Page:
How being childless by choice and childless “not” by choice has often been differentiated by the latter meaning the woman or couple cannot biologically have children. But not all think so. Take Po Bronson, author of Nutureshock. At his website,he has a section called “Factbook on Family.” One topic area in his “factbook” is childless by choice.  He acknowledges there are increasing numbers of women who are remaining childless, but claims that it’s a myth to say women are choosing to remain childless. He backs this up with three reasons, each of which I have to push back on. His first point:

1. “The <childless by choice> ‘trend’ ignores those who cannot afford to have children.”

Bronson writes that when you can afford to have children and don’t have them that equals a childless “by choice” decision. Fair enough. But when women want children, can’t afford them so they don’t have them, well, that means they are childless not by their own choice.

I disagree. They have made a choice, albeit likely a hard one, but a choice nonetheless. They want children. They realize they cannot afford to raise them so they make the responsible choice not to have them. So between option A: trying to raise a kid they can’t afford and B: not having a child at all, they choose B.  Plenty of people choose A.

2. “The ‘trend’ ignores those who can’t have children because they waited too long to have a family.”

Bronson claims that even with all the advances in fertility treatments and obstetrics, they haven’t fulfilled the promises to women in the 30s or even 40s when they are ready to have children. Seems like medical technology is doing pretty well to me –studies tell us that more women are having children later.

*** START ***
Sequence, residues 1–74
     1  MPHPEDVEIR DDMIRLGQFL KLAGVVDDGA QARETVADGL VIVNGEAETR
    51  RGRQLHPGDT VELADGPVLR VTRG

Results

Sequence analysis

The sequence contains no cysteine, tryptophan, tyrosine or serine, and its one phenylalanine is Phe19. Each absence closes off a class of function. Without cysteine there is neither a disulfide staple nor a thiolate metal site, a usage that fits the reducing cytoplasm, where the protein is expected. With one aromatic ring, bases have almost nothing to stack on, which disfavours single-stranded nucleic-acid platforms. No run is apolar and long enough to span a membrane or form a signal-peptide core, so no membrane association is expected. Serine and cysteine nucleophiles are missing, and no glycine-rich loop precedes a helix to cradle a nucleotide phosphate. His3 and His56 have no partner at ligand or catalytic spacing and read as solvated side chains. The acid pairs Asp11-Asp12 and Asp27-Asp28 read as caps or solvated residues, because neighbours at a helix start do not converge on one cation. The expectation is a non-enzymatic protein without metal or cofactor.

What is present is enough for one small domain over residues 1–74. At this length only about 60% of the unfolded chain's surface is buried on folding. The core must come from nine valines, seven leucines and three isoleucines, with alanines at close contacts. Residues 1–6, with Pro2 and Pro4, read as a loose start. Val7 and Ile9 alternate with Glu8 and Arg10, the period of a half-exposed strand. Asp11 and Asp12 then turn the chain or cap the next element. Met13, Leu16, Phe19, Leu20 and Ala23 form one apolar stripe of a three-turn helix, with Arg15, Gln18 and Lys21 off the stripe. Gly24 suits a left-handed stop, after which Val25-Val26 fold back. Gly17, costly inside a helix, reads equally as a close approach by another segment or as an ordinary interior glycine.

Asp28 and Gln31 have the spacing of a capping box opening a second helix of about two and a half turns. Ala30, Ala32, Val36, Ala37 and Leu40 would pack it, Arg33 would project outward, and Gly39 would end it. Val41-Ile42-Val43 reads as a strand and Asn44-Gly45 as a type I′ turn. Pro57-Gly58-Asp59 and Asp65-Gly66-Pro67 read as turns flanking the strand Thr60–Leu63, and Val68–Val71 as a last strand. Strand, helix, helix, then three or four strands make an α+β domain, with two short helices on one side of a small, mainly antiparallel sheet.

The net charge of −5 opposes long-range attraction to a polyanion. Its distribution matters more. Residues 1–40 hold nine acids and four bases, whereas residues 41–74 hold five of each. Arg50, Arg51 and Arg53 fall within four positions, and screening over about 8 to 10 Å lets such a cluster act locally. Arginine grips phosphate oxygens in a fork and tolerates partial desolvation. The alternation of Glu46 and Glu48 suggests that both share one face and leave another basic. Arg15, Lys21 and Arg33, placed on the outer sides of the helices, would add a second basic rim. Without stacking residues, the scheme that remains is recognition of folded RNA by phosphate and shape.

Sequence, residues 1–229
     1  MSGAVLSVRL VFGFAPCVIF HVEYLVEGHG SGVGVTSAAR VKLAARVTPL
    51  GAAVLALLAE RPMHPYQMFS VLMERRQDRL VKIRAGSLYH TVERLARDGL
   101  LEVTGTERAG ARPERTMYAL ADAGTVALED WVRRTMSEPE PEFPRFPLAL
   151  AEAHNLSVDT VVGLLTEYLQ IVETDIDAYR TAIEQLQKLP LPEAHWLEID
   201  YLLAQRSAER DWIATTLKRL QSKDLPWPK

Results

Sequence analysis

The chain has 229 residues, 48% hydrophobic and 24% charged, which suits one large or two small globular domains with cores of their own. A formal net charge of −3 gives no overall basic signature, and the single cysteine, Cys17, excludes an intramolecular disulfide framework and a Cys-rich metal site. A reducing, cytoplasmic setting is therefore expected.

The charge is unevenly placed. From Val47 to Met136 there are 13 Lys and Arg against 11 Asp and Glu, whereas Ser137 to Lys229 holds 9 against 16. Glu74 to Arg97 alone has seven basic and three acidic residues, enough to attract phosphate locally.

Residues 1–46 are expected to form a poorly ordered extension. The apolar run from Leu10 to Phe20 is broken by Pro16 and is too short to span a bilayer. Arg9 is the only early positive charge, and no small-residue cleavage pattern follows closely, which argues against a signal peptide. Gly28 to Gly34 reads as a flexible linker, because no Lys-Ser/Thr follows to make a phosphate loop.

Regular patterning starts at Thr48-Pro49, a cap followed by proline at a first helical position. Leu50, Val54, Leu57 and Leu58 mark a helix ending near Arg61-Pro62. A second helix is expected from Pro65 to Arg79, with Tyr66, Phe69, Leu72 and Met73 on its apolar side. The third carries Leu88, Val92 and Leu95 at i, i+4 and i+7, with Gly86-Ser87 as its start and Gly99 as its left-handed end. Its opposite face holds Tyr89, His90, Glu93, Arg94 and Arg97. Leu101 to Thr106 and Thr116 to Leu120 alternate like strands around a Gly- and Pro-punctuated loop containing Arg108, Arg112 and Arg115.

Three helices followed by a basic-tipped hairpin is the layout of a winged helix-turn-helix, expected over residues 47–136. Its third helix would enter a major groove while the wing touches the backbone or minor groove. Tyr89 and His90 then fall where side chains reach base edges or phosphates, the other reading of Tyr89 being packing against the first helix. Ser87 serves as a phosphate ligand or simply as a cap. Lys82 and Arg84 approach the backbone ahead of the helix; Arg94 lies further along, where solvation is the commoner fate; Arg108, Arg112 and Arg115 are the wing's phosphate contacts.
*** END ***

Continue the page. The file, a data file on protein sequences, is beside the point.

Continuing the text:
But that is beside the point. No matter why she waited, the woman chose to wait. Option A: Wait until I finish with my education, am at x point in my career, etc. Option B: Have a child now when I am not ready.  She chooses Option A. She chooses to wait until she is ready.

Even when she waits, undergoes fertility treatments and say they don’t work, does this mean she is stuck being childless not by choice? Yo how about adoption. She wants a baby. Option A: Remain childless (meaning she’d rather remain biologically childless than adopt). Option B: Adopt.

Or what if it is a health issue such that being pregnant would be a risk? Option A: Take the risk. Option B: Pursue adoption. Option C: Do neither.

3. “The ‘trend’ ignores the fact that it isn’t always a ‘choice.’”

Well by now you know my answer to this. Bronson indicates the trend does not take into consideration “obstacles” to childlessness –things like family finances, delay because of education or career, not having a spouse, or having to care for an elder parent.  Again, there may be obstacles, but that does not mean there is no longer a choice.  For Options not already listed:

Option A: Have child when I find the right partner/spouse.  Option B: Raise a child myself.

Option A: Have a child and try to be caregiver to my parent. Option B: Do not have a child, and be caregiver to my parent. Maybe even Option C:  Have a child and find another way to get care for my parent.

There are many reasons why people don’t have children. And the reasons involve choices every time. While the choices are not always easy, and less than perfect, they are choices nonetheless.

Whether childless or childfree–you don’t have them even though you want/wanted them, or you don’t have them because you don’t want them-is the result of making a choice (s). Thinking we’ve not had a choice only serves to feel victim to a situation or circumstance.  It’s far more empowering to know that although it is a tough choice, you have the power to make it, for yourself, and in this case for a child, born or not.

How do you weigh in?

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